Arts Horizons is pleased to highlight and recognize the support of Ronald McDonald House Charities of NYC Tri-State Area in bolstering our Art Beat program for this fiscal year through a generous grant. Art Beat is partnership between Arts Horizons and Hospital Schools, a division of the New York City Department of Education (NYCDOE) that provides educational services for all special education students who are hospitalized for extended stays. Art Beat provides interactive music and visual art workshops to promote rehabilitation, learning and cultural experiences for special needs students in an arts-rich, safe, creative, and emotionally uplifting environment.
The program merges the fields of art, healthcare, and academics, to create a space of comprehensive education, healing and expression for special needs students with extended, and in some cases residential, hospital stays. This collaborative effort was established in 2009 and has since been integrated into more than a dozen of the NYCDOE’s hospital school locations. Arts Horizons’ aim to expanding our arts education offerings to hospitals through Art Beat aligns well with Ronald McDonald House Charities of NYC Tri-State Area’s mission to “help as many children as possible achieve their fullest potential by supporting programs in education and the arts.” Arts Horizons is grateful for Ronald McDonald House Charities of NYC Tri-State Area’s generous support, and we look forward to nurturing and sustaining this fruitful partnership for years to come.
Our 2017 Hospital Schools programs supported by the Ronald McDonald House Charities of NYC Tri-State Area take place at four hospital sites. Mr. Yah’aya Kamate leads percussion programs at Metropolitan Hospital Center and Mt. Sinai-St. Luke’s Hospital Center. Mr. Shidaun Campbell leads students in Beatboxing and Dance at Bronx Lebanon Hospital – Fulton Center, and Ms. Tira Bluestone presents music programs to students Sunshine Children’s Home and Rehabilitation Center (part of Westchester BOCES). AH Program Coordinator, Kiran Rajagopalan, had the opportunity to see students play pulsating African rhythms on djembe drums at Mt. Sinai-St. Luke’s Hospital Center with Yah’aya. He also saw students use their own bodies as percussion with Shidaun at Bronx Lebanon Hospital – Fulton Center. Let’s take a quick peek into their Art Beat classes!
A dancer, instructor, choreographer, masquerade artist, and fire-eater from Abidjan, Cote D’Ivoire, Yah’aya Kamate is a dynamic performer and a longtime teaching artist with Arts Horizons. For his classes at Metropolitan Hospital Center and Mt. Sinai-St. Luke’s Hospital Center, he arranged students in a drum circle and taught them some basic hand movements and sound patterns on djeme drums from West Africa. Yah’aya used a variety creative methods for engaging students to play for long periods of time including: handclapping, numbers signifying where to hit on the drum (“1 2 2 1”), and a carefully constructed sentence embedded with a rhythm to be played (“We walk the big dog now”). Oscar Riquelme, site coordinator at Metropolitan Hospital Center, stated that Yah’aya was an “outstanding residency choice…and an amazing teacher,” and that “the kids were in rhythmic heaven!”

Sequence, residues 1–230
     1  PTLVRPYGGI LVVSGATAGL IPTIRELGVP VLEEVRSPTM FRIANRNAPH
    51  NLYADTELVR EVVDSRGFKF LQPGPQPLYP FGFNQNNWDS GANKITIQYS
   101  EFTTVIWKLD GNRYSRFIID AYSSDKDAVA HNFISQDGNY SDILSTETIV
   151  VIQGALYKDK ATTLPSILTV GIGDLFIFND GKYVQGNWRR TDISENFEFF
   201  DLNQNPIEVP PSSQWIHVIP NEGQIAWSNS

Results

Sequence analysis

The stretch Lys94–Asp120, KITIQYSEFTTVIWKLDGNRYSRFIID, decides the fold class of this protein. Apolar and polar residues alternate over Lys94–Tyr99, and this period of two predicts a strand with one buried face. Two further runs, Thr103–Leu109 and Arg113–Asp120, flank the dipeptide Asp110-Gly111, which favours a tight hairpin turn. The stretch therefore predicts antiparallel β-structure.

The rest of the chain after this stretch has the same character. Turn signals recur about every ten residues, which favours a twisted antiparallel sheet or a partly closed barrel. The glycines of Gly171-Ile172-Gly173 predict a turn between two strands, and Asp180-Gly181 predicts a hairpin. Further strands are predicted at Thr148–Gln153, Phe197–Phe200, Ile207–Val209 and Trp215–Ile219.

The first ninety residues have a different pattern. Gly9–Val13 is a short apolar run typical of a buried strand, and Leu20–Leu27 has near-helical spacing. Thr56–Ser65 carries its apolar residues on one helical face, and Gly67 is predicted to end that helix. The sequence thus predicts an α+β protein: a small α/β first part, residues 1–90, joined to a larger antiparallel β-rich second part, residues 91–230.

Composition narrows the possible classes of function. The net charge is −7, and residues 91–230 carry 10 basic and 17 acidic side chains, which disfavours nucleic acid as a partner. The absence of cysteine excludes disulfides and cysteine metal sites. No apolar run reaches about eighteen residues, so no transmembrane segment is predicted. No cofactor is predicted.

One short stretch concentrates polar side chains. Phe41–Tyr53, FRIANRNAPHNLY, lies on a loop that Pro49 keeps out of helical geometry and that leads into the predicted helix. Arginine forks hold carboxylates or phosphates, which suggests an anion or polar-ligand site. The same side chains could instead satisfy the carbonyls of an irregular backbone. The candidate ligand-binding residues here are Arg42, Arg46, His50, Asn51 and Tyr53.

Shidaun Campbell is a sought-after dancer (Hip Hop, modern, jazz, and African), spoken word artist, and published author who formally joined Arts Horizons roster of teaching artists this year. His sessions at Bronx Lebanon Hospital – Fulton Center focused on beatboxing and elements of Hip Hop dance. The first part of his class began with a simple breakdown of the fundamental sounds in vocal percussion: “Everyone say ‘base!’ Say ‘ba!’ Say ‘b!’ Now say ‘pbf!’“ This exercise was followed by a “beatbox cipher” in which students gather in a circle and add a single word or sound to a rhythmic pattern in a round-Robin manner. Finally, students learned “tutting,” a basic move in Hip Hop dance directly inspired by the reliefs in Ancient Egyptian art. Gym teacher Eric Gentry noted that it was a pleasure to work with Shidaun because he made sure to “showcase his expertise in dance” so that students “could understand what they can possibly practice into with hard work.”
Shidaun teaching “tutting” to students in his Beatboxing & Hip Hop dance residency at Bronx Lebanon Hospital – Fulton Center